Chapter 4 deals with some of the wider implications of this new type of knowledge. After a brief exploration of the role of profiling in the emergence of data surveillance (dataveillance), the implications of personalised profiling are analysed, after which a more abstract mapping is constructed of the anticipated consequences of profiling. This is done in terms of purposes and effects.


Chapter 5 explores several fields of application, ranging from marketing, employment, financial institutions and e-learning to forensics. The different contributions aim to illustrate the state of the art in different fields, without pretending to provide a complete inventory. The idea is that these examples give the reader a sense of the actual functioning of profiling technologies in different contexts.


Chapter 6 locates issues for further clarification that should be dealt with in subsequent deliverables, such as the commodification of (personal) data and issues of privacy, security, trust, usability and equality.  


Multidisciplinary Appendix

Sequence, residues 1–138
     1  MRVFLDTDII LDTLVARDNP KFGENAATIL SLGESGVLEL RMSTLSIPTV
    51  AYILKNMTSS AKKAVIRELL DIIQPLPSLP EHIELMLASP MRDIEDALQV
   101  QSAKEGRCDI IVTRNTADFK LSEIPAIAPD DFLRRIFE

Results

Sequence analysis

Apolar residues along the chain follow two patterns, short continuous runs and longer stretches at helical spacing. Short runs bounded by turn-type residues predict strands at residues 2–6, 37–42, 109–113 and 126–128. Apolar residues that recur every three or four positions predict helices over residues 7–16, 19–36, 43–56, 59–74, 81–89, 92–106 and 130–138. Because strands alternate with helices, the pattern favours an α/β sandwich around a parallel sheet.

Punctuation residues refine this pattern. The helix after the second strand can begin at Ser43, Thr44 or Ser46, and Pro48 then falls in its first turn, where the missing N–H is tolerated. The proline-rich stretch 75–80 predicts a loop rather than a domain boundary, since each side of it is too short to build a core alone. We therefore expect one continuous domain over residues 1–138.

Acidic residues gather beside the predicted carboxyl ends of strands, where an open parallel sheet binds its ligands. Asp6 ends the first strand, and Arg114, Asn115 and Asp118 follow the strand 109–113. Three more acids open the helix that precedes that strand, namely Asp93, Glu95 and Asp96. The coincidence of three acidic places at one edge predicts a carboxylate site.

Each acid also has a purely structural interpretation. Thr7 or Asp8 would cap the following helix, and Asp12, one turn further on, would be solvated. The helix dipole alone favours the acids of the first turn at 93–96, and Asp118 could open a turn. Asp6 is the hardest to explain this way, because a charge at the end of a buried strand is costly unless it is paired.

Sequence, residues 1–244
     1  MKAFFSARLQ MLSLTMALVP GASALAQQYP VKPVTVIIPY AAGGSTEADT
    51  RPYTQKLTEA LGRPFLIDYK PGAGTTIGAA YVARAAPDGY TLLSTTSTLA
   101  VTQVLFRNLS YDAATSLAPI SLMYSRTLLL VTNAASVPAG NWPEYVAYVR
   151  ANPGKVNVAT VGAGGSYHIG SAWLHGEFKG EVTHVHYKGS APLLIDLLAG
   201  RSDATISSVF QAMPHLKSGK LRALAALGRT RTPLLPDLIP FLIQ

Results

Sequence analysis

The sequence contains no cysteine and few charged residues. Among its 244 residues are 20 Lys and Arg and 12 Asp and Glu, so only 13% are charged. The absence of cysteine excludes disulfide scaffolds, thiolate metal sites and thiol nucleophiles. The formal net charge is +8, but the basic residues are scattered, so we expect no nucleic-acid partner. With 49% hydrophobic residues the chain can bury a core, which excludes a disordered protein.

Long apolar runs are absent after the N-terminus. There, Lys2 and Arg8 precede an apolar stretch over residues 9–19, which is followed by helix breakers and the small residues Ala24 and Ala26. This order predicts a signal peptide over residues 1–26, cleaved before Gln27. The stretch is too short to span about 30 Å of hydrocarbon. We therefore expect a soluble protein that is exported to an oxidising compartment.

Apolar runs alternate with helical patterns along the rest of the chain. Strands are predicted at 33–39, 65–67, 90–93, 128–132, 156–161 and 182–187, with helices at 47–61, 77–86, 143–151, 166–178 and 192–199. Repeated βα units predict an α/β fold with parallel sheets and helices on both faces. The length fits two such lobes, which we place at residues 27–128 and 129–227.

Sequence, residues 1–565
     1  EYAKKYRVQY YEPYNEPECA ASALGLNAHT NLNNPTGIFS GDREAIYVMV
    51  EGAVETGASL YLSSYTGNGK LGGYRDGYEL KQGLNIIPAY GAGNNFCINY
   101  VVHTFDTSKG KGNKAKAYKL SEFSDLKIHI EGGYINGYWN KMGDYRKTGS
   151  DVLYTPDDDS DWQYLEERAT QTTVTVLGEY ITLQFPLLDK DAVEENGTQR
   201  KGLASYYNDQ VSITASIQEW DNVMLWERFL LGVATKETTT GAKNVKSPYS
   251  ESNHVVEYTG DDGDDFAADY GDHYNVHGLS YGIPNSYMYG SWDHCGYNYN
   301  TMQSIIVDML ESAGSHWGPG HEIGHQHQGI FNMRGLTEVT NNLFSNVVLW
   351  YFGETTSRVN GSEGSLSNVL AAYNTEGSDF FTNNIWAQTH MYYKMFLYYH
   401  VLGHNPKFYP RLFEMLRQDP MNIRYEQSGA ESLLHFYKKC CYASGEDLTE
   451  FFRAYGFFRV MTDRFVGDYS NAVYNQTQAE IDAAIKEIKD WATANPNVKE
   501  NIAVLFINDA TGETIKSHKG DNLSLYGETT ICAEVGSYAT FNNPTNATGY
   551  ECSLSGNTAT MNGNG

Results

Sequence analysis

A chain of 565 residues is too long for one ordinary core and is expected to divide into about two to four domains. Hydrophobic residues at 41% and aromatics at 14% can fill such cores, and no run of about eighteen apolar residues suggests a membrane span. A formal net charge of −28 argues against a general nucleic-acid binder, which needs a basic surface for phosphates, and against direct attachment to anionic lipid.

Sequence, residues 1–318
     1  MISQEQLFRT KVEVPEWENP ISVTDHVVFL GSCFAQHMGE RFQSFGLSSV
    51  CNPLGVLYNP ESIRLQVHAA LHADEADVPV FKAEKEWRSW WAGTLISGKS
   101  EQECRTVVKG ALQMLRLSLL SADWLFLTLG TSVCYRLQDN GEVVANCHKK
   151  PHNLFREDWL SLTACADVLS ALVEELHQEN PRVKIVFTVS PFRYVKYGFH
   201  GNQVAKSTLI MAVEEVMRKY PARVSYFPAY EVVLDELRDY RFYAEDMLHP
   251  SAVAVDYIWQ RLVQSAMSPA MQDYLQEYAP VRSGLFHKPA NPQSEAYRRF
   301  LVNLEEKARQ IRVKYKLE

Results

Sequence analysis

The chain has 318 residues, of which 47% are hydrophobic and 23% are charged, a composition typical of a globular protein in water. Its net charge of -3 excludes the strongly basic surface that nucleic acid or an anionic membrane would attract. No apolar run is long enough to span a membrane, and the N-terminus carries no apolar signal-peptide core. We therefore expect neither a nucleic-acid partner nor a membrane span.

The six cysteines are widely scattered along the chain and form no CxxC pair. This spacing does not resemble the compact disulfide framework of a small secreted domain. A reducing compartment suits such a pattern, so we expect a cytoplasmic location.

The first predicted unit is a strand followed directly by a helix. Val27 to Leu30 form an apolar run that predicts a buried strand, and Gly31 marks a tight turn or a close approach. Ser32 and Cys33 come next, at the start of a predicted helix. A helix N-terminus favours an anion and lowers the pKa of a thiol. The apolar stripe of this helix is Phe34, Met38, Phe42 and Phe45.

The multidisciplinary nature of the FIDIS consortium has as a consequence that the partners do not always speak each others language. The objective of this deliverable has been to focus on an interdisciplinary main text, that creates common ground for all those involved in the project. In the Appendix those involved in the different disciplines had the opportunity to address a more specialist audience, thus also allowing a more profound analysis of central elements of the analysis. This concerns forensic profiling in the field of RFID and biometrics; legal grounds for customer loyalty programs in Germany; physical and behavioural biometric profiling; profiling of web users; mathematical tools for datamining; the nature and use of algorithms; user modelling in virtual communities and a description of the profiling game, played by PhD-students at the first PhD training event at Riezlern.